As part of the NYPD Highway Patrol 15 years ago, Anthony
Flammia, then 38, was one of the thousands of responders who descended on the World Trade
Center on Sept. 11.
“I saw the horror of people jumping out of the
building,” he said. “The smoke, I remember smelling the smoke and the
In 2007, symptoms of post-traumatic stress disorder, or PTSD,
emerged when he responded to a house fire.
“I remember pulling up in front of the house on the wrong side of the road,” Flammia said. “From that point on, I don’t remember
what happened. I blacked out.”
Flammia’s police career was over. The PTSD triggered
blackouts where he lost track of time. Often, just smelling smoke caused
He said he couldn’t eat barbecue because the smell
reminded him of 9/11.
Flammia also started to have memory problems.
“My short-term memory is almost gone,” he said. “I can’t even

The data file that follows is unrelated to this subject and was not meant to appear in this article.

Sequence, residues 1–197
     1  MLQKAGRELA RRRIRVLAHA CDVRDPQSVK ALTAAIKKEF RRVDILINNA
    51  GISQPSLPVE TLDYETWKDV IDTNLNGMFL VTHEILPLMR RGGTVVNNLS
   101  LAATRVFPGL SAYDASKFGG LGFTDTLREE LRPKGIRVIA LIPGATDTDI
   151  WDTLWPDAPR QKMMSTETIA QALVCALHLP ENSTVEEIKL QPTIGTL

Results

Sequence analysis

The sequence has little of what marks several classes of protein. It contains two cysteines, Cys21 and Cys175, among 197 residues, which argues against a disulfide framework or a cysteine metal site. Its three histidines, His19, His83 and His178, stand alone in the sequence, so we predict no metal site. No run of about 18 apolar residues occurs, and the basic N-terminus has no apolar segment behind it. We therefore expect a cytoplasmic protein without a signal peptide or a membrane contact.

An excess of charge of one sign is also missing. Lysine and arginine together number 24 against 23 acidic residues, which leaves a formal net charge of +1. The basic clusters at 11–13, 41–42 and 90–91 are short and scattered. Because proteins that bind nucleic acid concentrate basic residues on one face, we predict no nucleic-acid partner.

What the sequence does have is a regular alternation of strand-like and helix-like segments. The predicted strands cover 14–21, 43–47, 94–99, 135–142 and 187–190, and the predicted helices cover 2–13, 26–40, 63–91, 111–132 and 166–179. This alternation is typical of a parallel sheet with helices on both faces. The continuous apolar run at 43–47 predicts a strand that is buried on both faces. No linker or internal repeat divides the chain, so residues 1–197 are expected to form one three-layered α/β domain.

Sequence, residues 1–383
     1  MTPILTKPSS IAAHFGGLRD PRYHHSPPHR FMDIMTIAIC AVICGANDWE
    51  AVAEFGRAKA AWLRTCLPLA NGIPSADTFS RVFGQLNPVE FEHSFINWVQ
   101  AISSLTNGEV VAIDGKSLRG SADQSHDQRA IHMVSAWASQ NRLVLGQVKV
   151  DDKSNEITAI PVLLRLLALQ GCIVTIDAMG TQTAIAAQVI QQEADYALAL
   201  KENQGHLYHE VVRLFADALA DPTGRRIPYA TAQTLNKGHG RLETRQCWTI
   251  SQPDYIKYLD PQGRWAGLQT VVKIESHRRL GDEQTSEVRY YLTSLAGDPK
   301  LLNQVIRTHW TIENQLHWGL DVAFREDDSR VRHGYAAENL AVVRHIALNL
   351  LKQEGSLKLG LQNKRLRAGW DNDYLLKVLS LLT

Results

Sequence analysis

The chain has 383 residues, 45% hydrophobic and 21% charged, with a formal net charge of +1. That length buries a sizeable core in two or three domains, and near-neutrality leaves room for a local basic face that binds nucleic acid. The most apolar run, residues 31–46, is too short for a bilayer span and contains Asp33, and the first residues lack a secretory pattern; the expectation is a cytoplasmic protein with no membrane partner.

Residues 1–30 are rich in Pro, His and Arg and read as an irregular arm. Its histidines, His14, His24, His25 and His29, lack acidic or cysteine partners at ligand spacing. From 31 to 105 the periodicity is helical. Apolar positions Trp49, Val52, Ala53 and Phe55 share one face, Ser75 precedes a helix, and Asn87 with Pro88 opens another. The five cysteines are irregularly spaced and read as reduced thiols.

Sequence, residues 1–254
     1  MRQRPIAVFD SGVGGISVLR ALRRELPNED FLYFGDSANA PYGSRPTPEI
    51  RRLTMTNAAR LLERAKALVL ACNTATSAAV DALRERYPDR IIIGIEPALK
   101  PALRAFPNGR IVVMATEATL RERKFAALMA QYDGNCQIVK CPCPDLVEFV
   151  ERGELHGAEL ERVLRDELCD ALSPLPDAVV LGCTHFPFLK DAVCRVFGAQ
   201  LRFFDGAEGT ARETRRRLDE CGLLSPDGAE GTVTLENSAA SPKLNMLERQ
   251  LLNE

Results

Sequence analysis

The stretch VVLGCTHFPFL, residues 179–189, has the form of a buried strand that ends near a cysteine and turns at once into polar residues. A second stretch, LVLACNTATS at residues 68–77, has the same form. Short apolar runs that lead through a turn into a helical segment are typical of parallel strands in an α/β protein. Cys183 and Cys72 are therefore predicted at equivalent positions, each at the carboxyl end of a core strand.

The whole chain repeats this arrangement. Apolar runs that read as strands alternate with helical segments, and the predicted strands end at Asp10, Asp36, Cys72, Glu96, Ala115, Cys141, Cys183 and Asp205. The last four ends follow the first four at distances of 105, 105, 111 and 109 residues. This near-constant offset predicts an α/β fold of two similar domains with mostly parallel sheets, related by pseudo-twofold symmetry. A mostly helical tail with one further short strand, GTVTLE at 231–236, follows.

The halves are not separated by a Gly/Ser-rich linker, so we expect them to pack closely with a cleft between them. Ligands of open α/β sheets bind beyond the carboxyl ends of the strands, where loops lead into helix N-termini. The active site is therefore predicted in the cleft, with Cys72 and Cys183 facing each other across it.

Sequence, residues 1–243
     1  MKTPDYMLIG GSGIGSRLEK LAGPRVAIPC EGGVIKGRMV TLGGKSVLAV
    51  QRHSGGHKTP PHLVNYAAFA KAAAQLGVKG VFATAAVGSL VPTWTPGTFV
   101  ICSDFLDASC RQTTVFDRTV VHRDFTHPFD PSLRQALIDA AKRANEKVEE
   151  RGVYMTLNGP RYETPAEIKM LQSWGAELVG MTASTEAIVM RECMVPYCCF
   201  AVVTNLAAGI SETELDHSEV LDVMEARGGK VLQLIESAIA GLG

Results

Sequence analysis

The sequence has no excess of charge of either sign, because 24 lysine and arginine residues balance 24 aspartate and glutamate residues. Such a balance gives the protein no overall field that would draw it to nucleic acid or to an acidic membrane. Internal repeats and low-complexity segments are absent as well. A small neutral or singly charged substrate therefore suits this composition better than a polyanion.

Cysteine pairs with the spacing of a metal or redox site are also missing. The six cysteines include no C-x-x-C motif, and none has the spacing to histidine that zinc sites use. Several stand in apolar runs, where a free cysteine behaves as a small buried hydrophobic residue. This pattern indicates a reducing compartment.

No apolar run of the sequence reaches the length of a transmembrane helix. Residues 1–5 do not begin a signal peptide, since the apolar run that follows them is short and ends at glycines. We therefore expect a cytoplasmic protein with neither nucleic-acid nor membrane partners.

remember phone numbers. I can’t remember, sometimes, my kid’s birthday or my wife’s birthday”
In a study of 813 first responders, 12.8 percent had cognitive
impairment. Responders like Flammia, with a diagnosis of PTSD with flashbacks,
were three times as likely to have impairment. The average age of the group was
“It is a progressive disease, so what you can expect
is that people that have it now, that have the progressive form, will start to
experience worse and worse outcomes,” said Sean Clouston, a professor at Stony Brook Hospital who led the study.
Flammia told CBS News that he is comfortable sharing his
memories of 9/11 and it has been an important part of his PTSD therapy. He
said that he hopes going public can help convince colleagues who are hurting to
admit they have a problem too, and seek help.